Is the government checking you out on Facebook?
Andrea Janus, CTVNews.ca
Published Thursday, May 8, 2014 10:55AM EDT
Last Updated Thursday, May 8, 2014 10:02PM EDT
It may not just be your ex who is creeping your Facebook page. Canada’s privacy commissioner says government agencies are collecting “personal information from social networking sites” that does not directly relate to government business.
Interim Privacy Commissioner Chantal Bernier outlined her concerns to Treasury Board Secretary Tony Clement in a letter obtained by CTV News that is dated Feb. 13. According to Bernier, not only collecting the information, but they are not taking steps to ensure its accuracy.
“We are seeing evidence that personal information is being collected by government institutions from social media sites without regard for accuracy, currency or accountability,” Bernier writes, noting that social media users have “a certain expectation of privacy.”
“Should information culled from these sites be used to make administrative decisions about individuals, it is incumbent upon government institutions to ensure the accuracy of this information; it is not at all clear that this obligation is being, or could be, met.”
In a statement emailed Thursday evening to CTV News, Bernier said it “is increasingly important to develop guidelines to clarify privacy protections with respect to the collection of publicly available personal information from social media sites.”
Bernier has also asked that some government departments that have proposed collecting personal information from social media sites “to justify the need for such information.”
About two weeks before she sent her letter to Clement, Bernier released a report to Parliament warning that Canada’s spy agencies need more oversight and better guidelines as new surveillance tools give them access to more information than ever before.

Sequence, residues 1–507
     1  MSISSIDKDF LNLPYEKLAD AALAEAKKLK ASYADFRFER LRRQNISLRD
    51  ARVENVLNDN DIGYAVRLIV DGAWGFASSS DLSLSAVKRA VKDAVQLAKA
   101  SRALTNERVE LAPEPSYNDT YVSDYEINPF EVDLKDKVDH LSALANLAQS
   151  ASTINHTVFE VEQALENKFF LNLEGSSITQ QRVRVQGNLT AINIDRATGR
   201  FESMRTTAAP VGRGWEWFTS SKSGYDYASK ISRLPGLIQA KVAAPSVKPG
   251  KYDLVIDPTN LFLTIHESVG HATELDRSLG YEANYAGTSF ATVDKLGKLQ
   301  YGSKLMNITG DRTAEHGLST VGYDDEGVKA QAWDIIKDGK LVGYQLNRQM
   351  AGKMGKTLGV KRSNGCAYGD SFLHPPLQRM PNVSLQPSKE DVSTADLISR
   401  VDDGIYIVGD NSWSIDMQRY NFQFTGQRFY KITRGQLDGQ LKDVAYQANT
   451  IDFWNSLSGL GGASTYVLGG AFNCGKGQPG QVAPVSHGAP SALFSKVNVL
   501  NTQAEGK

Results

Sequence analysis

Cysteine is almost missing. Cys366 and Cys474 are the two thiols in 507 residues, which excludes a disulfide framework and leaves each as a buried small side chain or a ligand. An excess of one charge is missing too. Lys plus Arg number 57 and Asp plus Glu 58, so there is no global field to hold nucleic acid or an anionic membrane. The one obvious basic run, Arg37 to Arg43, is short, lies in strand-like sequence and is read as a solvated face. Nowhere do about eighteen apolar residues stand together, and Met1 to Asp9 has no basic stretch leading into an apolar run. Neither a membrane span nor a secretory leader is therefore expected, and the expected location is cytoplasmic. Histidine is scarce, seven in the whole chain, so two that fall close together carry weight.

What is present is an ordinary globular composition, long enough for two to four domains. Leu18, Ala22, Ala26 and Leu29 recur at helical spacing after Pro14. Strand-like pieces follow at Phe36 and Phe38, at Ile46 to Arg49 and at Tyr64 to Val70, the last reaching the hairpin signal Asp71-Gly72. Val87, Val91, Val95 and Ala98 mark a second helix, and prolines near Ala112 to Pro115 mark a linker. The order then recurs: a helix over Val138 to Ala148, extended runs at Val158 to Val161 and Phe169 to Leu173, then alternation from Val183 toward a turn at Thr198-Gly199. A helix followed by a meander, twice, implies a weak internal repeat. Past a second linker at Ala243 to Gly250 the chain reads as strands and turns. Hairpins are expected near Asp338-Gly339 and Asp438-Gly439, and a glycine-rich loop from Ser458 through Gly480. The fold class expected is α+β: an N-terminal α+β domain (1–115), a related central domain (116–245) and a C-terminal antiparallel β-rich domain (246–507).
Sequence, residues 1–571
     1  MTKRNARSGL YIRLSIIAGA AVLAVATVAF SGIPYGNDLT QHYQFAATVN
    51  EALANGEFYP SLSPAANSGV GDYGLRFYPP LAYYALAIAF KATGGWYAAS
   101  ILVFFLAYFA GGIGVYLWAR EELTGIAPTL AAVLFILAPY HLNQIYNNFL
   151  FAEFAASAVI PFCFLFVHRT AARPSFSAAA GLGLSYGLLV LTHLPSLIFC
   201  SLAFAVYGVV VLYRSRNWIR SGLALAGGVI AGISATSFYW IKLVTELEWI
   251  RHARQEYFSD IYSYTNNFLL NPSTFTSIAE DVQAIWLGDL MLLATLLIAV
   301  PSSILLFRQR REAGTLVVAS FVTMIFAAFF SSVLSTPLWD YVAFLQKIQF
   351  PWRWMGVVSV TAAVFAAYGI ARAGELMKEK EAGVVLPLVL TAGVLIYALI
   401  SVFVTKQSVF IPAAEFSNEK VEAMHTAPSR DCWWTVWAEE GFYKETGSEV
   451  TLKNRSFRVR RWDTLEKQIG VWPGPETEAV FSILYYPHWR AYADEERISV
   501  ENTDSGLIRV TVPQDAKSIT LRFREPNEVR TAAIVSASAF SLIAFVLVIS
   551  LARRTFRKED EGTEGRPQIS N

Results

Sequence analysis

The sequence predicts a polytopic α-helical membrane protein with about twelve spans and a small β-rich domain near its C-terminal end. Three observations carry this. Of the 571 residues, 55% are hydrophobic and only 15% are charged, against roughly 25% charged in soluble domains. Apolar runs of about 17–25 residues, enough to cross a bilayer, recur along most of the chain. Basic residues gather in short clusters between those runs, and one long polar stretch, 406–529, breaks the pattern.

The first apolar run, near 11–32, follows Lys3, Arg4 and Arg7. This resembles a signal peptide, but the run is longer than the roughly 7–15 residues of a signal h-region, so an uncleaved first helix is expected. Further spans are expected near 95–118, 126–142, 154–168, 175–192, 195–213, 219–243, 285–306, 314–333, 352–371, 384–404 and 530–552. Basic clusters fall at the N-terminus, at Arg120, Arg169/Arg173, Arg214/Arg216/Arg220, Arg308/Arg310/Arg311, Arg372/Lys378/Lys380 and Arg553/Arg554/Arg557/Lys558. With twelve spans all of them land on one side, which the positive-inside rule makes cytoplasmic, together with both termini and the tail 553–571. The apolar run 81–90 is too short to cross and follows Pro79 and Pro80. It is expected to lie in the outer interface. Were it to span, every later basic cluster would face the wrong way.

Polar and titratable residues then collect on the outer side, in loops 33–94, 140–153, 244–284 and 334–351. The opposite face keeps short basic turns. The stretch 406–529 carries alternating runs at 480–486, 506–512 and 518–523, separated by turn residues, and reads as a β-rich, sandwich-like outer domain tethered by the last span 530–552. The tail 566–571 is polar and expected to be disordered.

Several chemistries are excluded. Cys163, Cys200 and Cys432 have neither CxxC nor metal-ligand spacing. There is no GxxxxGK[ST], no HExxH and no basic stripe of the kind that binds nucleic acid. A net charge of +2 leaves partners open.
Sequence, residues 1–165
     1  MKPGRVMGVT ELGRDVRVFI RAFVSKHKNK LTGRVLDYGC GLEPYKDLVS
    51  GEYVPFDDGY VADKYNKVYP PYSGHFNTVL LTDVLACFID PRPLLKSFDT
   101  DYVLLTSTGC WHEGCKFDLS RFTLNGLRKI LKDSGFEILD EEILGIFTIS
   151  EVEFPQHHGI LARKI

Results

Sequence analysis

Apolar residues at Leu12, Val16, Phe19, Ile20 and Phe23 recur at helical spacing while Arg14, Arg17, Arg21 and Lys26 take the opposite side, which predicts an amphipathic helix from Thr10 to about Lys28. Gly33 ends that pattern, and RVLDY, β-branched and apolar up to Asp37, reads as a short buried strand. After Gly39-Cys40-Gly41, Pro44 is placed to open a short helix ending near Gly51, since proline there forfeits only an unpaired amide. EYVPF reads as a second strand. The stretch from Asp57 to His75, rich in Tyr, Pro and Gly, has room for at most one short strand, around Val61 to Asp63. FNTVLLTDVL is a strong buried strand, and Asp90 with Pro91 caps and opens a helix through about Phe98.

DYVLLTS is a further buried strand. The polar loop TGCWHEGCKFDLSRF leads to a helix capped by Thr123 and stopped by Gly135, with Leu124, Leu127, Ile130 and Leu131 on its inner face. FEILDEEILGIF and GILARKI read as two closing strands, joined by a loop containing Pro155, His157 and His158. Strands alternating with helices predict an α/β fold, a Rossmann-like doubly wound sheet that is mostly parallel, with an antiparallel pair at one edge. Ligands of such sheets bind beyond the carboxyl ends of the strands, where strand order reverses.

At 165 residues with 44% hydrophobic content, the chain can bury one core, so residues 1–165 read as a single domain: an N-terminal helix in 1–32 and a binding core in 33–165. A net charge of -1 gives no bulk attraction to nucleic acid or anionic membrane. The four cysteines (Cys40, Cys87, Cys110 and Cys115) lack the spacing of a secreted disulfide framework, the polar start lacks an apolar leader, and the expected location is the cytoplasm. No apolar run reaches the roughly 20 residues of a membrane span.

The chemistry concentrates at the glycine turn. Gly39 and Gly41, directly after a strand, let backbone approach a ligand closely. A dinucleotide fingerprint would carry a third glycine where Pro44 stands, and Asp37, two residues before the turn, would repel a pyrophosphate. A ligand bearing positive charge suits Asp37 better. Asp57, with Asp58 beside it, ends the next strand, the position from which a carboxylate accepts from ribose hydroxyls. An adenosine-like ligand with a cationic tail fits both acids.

Among her many recommendations in that report, Bernier said specific guidelines should be developed for the collection, analysis and dissemination of intelligence gleaned from online sources, particularly social networking sites.
Bernier wrote that “the public availability of personal information on the Internet does not render personal information non-personal. It is our view that departments should not access personal information on social media sites unless they can demonstrate a direct correlation to legitimate government business.”
In her letter to Clement, Bernier notes that “as there appears to be a lack of clarity around this issue,” the Treasury Board should develop “clear, mandatory guidance to articulate what constitutes ‘publicly available’ personal information,” as well as how and when such information can be collected and used, and how that information is determined to be accurate.
In a statement to CTV, Clement’s office said the "government always wants to listen to Canadians who want to be heard. Of course, we must, and will, operate lawfully in accordance with the Privacy Act. We are always willing to engage with the Privacy Commissioner to ensure our oversight and our laws are modern for the 21st century."
During question period Thursday, NDP Deputy Leader Megan Leslie questioned how the government could gather private information on its citizens while privacy issues are becoming more of a concern.
She criticized the government for cutting funding to Statistics Canada and scrapping the long-form census, but turning to social media for information.
“So will the prime minister admit that his government has failed to protect the privacy of Canadians?” Leslie asked.
Clement called the line of questioning “curious.”
“In a day and age when Canadians willingly put information about their opinions, beliefs (online) and want to engage in government, the NDP want to shut it down,” Clement said.
The minister said data collected merely tracks Canadians’ opinions on various issues. And the information gathered, Clement said, isn’t stored or linked to personal accounts.
However, Clement said his office will review the concerns to ensure the government complies with the privacy act.
With files from CTV’s Mercedes Stephenson
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